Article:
Eddie Jones: Harlequins can beat Leinster at their own game

Calling the shots
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The Independent Online

Victories on the road in the Heineken Cup quarter-finals are not quite the rarities they once were: there have been five in the last four tournaments, which marks something of an increase in a competition that once went three full seasons without any. But life will be pretty hard for the travelling teams this weekend. Harlequins have it in them to beat Leinster; I can see Leicester knocking out Bath; and I'm sure Munster, the champions, will be too strong for Ospreys in Limerick – a really tough place to go – tomorrow.

What makes Munster as good as they are? Most importantly, they play at Test-match intensity virtually every time they take the field. There never seems to be any question of them having to get up for a game, because they are never down. When I look at the performances of Doug Howlett, the magnificent New Zealand wing who joined them after the last World Cup, I see a representation of all that is best in their rugby.

A lot of coaches consider Howlett to be the best southern hemisphere signing of the lot and I can't disagree. He has probably played at a higher level, more consistently, than any of the other big-name recruits. But it's not all down to him. Munster have made it easier for him to make the contribution he has because there is a non- negotiable level of performance expected by the team. In the All Blacks, he was completely familiar with those demands. When he went to Munster, he was essentially carrying on where he'd left off.

I remember a chat with another highly successful All Black, the outside-half Andrew Mehrtens, about his experience when he first came up north. The big problem for him was that expectations weren't high enough. The best players need external motivation – something in the club environment that forces them to play to their international level. Munster do this extremely effectively. There are demands from within the club, and demands from the passionate supporters outside it.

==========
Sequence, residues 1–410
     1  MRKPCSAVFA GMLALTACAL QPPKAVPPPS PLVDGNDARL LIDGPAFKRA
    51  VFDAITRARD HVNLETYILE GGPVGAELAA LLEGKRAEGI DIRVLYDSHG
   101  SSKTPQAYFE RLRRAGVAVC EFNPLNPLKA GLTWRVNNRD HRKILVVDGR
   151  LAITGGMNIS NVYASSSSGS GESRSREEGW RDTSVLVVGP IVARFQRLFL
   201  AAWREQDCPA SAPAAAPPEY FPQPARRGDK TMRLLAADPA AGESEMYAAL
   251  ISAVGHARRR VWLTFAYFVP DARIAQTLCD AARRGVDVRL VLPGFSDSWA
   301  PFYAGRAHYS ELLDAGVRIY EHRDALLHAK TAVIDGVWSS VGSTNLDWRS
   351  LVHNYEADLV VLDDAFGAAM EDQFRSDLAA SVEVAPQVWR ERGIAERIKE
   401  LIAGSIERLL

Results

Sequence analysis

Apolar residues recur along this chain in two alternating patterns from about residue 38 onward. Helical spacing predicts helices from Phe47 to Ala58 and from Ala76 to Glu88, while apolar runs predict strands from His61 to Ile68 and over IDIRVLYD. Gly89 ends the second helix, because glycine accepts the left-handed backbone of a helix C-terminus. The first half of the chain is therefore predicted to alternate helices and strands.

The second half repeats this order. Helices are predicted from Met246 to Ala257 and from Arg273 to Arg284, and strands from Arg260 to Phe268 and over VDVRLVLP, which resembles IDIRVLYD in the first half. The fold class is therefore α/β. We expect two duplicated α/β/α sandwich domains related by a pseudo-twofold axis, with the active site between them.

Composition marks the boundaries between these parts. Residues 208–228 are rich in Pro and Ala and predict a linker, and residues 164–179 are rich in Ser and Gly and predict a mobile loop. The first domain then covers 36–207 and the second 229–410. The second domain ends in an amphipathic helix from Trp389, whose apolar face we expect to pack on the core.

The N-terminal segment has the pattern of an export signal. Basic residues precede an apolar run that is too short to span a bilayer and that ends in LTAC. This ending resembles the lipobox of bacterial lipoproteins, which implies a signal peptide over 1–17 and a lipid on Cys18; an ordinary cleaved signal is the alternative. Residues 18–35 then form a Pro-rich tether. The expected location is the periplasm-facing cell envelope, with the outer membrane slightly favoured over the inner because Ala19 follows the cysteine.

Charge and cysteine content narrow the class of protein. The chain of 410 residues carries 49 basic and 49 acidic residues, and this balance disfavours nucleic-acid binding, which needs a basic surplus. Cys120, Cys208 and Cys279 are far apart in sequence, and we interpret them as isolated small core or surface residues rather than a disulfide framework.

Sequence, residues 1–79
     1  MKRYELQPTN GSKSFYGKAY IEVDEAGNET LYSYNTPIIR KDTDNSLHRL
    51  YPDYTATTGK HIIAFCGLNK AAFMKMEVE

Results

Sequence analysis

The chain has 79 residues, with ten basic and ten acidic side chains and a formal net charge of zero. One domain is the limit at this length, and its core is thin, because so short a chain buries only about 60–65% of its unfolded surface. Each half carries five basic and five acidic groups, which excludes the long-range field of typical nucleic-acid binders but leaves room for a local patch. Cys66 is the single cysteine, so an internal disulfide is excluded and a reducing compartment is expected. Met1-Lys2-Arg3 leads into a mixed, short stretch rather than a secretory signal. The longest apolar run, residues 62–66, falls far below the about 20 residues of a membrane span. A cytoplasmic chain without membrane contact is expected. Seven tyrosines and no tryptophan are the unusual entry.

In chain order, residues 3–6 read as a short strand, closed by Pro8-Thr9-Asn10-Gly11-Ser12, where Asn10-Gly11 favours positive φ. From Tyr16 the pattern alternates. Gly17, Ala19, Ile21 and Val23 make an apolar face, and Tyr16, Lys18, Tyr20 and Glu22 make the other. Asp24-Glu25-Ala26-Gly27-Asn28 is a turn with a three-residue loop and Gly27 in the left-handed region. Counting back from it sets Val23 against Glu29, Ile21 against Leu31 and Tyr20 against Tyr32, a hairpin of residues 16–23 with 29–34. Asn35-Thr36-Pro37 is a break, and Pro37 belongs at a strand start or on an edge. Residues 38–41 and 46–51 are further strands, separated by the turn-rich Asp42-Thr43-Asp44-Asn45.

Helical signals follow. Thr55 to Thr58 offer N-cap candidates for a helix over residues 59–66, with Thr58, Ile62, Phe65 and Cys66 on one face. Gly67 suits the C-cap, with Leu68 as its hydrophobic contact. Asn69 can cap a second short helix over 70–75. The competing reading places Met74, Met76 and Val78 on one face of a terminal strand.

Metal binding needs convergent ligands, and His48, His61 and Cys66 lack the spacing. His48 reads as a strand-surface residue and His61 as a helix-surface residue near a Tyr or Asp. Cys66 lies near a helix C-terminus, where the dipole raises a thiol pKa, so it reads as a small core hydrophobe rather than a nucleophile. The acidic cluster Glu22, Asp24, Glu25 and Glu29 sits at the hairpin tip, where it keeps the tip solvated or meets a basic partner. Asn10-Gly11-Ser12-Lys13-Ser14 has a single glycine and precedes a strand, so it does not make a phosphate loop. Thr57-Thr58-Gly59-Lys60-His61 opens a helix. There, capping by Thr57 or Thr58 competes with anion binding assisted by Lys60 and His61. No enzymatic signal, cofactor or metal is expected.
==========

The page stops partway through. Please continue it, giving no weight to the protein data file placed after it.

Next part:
Munster get their fundamentals right whenever they take the field. This goes for Toulouse, too, although their back play is so stellar people don't recognise the amount of hard work their forwards put in to make it possible. The Frenchmen are highly capable when it comes to the basics, never committing more people to the breakdown than absolutely necessary, and so give themselves numbers out wide. This creates one-on-one opportunities and gives them the chance to indulge their uniquely effective offloading game. I believe they'll prove the exception to the rule this weekend by beating Cardiff Blues at the Millennium Stadium.

At the start of the tournament, I'm not sure too many people would have fancied Harlequins' chances against a top Irish province, but over recent months, they have been as clever as anyone at playing right on the edge and stretching the law to the limit. At times, they seem to out-Leicester Leicester, which takes some doing. Perhaps it's the natural consequence of having an old Tiger like Dean Richards running the show.

Their home-and-away victories over Stade Français, based around the ball-slowing abilities of a determined and completely selfless pack of forwards, were a case in point. I thought the Parisians would end a decade of waiting by winning the title this time round, but against Quins, they were too squeaky-clean for their own good and found themselves being outsmarted.

In the all-Premiership tie at the Walkers Stadium, Bath know what it is to win there in this competition, so the venue won't worry them. They will, however, be concerned at their form, which has dropped right off just lately as their opponents have started to get to Butch James, who pulls all the strings at No 10.

They seem to have this thing about playing attacking rugby, from everywhere on the field, all the time – about getting the ball to the wings, rather than earning the right to spread it by going direct as well as wide. There is no mystery about Bath at the moment, nothing of the art of deception, and if they play against Leicester the way they've played just recently, they'll risk suffering a thorough beating.